The curious case of the start of fall is one that might take a second to understand. Residents of the Lower 48 are celebrating all things fall Monday, Sept. 23 but Alaskans enjoyed the first day of fall a day earlier. 

Fall officially started at 11:50 p.m. Alaska Daylight Time (AKDT) Sunday night, making it the first day of fall for the 49th State. But since the change of seasons happens at the same moment worldwide, what was Sunday night for Alaska was Monday for just about the rest of the world. 

Confused yet? Let's break it down.

Fall officially starts when the sun passes directly over the equator; this is called the equinox. The event happens twice a year — once to mark the start of spring and another time in the beginning of fall. Because the start date and time depend on when the sun passes over the equator, the exact time and date of the season change varies from year to year. 

Not only can the date change annually, the start date can vary around the globe depending on when the sun crosses the equator. For example, 11:50 p.m. in Alaska is 3:50 a.m. the next day on the East Coast of the U.S. and 7:50 a.m. in Greenwich Mean Time.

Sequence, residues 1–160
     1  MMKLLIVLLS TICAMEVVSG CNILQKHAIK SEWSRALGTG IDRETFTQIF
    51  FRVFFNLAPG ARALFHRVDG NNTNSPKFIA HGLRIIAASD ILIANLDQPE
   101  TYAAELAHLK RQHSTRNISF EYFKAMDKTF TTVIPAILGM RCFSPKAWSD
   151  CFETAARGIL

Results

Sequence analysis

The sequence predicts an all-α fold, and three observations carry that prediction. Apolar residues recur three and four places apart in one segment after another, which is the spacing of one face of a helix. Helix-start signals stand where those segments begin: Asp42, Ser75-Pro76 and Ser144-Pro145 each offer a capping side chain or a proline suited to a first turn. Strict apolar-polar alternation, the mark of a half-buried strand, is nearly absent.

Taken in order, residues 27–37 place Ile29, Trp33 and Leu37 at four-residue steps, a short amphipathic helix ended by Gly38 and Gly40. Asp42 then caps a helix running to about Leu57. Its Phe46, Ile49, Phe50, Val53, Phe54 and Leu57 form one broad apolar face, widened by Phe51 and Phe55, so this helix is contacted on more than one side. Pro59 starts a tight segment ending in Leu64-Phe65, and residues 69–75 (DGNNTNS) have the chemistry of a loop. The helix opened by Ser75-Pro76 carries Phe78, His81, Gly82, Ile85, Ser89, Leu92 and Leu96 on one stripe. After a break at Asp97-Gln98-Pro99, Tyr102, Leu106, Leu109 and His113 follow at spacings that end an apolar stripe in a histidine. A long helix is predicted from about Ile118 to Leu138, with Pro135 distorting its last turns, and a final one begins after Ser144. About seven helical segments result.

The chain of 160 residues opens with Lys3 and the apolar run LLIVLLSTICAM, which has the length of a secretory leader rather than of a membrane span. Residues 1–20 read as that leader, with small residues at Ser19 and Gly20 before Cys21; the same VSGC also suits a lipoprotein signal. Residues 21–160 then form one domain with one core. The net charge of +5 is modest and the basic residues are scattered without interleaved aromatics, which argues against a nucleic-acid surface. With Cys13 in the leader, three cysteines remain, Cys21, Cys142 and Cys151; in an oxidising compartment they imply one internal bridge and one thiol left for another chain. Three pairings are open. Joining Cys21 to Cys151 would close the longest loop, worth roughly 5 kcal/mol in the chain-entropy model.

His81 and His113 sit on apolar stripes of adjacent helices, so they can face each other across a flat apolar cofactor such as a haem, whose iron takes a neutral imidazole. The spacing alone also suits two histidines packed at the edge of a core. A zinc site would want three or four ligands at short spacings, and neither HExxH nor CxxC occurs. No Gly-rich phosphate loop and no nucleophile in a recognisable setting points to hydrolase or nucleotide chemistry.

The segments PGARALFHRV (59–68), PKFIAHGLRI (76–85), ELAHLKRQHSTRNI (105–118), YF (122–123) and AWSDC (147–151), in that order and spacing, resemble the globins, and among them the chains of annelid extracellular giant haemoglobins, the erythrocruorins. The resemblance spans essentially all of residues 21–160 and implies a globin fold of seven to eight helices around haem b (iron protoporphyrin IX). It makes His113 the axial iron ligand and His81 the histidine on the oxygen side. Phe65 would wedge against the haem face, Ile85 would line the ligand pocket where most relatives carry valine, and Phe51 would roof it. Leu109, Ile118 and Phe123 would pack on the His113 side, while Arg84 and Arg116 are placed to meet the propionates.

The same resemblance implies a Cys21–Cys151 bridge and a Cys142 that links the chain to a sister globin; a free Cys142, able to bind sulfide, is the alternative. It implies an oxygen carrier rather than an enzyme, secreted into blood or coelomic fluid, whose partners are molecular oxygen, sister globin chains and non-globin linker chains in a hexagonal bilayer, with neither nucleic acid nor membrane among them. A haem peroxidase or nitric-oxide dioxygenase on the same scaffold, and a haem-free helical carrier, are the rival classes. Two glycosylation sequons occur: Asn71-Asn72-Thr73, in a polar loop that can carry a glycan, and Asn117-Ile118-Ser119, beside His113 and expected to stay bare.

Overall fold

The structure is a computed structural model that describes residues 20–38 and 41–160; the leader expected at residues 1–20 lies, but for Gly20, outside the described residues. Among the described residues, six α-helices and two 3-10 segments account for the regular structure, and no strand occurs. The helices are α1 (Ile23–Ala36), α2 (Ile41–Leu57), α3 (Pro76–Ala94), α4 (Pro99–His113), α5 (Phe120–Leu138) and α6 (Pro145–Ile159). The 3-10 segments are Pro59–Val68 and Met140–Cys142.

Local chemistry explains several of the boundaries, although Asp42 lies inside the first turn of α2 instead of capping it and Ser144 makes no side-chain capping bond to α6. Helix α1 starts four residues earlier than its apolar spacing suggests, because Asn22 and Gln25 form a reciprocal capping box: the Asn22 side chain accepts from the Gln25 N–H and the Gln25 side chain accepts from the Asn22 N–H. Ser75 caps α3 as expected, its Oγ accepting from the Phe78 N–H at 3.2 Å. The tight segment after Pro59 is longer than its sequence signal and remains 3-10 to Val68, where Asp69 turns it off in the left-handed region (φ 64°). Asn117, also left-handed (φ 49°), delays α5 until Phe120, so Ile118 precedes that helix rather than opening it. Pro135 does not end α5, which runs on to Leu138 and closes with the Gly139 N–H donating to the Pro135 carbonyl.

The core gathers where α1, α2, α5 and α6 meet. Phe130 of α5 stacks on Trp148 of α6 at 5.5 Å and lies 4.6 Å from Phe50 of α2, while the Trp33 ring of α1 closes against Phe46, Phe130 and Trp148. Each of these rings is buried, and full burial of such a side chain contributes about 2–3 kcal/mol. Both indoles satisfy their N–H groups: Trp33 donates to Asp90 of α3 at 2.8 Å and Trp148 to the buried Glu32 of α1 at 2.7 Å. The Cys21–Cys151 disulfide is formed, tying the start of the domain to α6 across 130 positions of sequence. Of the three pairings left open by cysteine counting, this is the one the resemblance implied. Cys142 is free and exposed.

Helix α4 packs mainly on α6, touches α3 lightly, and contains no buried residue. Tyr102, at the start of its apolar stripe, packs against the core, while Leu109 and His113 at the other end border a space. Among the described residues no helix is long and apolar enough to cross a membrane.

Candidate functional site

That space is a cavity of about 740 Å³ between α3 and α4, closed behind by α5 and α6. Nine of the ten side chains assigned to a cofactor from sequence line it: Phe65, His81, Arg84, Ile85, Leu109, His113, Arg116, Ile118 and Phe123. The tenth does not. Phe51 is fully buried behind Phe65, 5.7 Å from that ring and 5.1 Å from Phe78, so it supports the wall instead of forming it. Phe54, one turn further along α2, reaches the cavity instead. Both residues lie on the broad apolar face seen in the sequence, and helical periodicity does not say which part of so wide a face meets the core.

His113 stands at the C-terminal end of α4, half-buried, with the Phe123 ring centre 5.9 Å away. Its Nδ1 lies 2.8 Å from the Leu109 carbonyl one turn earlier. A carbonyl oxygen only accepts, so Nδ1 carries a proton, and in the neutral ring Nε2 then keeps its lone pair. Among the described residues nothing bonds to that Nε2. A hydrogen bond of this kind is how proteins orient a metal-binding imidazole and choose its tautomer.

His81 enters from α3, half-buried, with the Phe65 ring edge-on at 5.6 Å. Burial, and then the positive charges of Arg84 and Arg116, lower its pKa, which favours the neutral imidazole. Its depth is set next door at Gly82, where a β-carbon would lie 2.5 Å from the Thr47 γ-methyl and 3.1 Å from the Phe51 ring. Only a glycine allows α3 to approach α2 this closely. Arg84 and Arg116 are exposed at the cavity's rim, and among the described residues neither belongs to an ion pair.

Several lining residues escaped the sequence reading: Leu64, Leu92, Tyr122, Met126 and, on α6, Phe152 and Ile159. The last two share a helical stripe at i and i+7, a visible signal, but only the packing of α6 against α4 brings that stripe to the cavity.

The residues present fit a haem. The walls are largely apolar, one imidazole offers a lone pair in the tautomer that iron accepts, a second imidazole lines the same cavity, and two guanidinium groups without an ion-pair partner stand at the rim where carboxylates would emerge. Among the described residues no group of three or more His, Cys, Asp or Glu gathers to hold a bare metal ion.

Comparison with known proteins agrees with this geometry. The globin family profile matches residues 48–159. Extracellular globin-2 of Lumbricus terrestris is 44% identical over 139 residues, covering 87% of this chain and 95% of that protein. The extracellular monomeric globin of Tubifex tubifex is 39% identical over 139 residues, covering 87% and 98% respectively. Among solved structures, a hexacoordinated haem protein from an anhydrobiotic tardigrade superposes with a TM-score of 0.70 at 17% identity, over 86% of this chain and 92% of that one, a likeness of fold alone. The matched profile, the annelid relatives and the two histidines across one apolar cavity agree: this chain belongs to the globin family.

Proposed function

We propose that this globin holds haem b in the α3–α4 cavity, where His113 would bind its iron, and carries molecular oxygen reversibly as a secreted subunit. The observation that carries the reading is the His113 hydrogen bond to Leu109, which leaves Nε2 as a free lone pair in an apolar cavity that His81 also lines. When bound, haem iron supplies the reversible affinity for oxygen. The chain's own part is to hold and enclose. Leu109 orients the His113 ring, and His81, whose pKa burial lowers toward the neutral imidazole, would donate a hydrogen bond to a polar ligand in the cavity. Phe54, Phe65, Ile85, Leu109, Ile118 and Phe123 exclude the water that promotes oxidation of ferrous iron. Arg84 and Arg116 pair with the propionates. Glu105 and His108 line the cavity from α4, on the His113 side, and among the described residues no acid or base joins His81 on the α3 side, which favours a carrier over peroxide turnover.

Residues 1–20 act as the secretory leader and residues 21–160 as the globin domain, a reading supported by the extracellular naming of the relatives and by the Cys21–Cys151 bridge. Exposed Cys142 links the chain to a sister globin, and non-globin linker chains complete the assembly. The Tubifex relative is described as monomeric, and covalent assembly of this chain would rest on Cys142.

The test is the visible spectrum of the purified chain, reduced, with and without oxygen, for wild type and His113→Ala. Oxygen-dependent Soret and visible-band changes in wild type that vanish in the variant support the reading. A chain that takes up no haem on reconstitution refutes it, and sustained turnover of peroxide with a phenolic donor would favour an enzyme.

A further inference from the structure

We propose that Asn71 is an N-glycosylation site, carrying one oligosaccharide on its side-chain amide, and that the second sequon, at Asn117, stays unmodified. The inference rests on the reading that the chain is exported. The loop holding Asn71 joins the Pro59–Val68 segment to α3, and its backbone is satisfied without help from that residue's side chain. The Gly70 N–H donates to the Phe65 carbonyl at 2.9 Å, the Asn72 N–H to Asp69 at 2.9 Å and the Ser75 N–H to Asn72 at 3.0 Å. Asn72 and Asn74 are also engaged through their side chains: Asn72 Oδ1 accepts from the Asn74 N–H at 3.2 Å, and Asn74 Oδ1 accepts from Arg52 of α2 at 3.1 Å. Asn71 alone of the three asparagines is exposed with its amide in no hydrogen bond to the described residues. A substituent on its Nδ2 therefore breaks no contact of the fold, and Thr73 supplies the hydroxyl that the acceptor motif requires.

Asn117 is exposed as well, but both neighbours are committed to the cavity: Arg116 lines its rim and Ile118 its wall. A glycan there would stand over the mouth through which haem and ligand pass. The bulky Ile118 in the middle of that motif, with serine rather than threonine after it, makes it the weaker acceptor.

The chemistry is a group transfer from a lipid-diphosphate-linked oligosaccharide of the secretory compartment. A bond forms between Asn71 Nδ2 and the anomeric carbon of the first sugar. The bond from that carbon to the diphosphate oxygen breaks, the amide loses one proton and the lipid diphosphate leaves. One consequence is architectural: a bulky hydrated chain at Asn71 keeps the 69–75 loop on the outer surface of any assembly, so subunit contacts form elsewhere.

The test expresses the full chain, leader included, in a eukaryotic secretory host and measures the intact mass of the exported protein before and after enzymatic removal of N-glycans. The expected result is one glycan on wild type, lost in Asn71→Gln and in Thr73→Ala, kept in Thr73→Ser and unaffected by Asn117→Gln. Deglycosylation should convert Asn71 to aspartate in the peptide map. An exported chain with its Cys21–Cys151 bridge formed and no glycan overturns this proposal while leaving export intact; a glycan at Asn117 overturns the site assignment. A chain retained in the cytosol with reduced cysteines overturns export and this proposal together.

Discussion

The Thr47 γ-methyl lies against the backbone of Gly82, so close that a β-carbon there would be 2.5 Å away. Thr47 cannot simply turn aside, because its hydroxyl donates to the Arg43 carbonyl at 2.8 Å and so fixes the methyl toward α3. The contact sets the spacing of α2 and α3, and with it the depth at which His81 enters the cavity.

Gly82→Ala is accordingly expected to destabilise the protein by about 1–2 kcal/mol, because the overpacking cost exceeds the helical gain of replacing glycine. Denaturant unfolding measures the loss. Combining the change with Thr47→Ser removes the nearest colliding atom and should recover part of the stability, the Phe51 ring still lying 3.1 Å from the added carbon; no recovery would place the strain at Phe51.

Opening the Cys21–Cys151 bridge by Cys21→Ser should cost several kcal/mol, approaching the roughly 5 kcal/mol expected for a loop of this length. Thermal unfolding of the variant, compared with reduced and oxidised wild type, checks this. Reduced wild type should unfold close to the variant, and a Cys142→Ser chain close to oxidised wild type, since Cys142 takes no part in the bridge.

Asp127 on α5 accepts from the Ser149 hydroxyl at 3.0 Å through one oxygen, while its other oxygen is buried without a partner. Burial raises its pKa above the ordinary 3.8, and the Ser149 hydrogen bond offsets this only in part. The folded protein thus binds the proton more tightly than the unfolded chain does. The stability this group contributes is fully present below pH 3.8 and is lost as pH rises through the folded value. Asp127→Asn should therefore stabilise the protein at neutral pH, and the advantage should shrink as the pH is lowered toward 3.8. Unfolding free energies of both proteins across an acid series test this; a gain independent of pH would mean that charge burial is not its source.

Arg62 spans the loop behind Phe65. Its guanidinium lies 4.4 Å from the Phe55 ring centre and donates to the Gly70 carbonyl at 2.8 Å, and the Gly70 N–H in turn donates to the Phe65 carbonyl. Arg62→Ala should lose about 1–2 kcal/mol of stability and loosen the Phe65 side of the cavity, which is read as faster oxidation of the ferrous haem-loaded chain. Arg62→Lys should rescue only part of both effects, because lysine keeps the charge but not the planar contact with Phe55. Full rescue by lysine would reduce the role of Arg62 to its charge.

The exact start time of fall this year meant it started late Sunday in Hawaii and Alaska and early Monday morning in the Lower 48. 

Since the sun crossed the equator at 11:50 p.m. AKDT Sunday, the season change occurred early Monday morning at corresponding times in the Lower 48. The Pacific time zone welcomed fall at 12:50 a.m. Monday morning and those in the Central time zone saw fall at 2:50 in the morning. 

So when all of your friends start posting on social media about the changing season, remind them — it started earlier in the Last Frontier.

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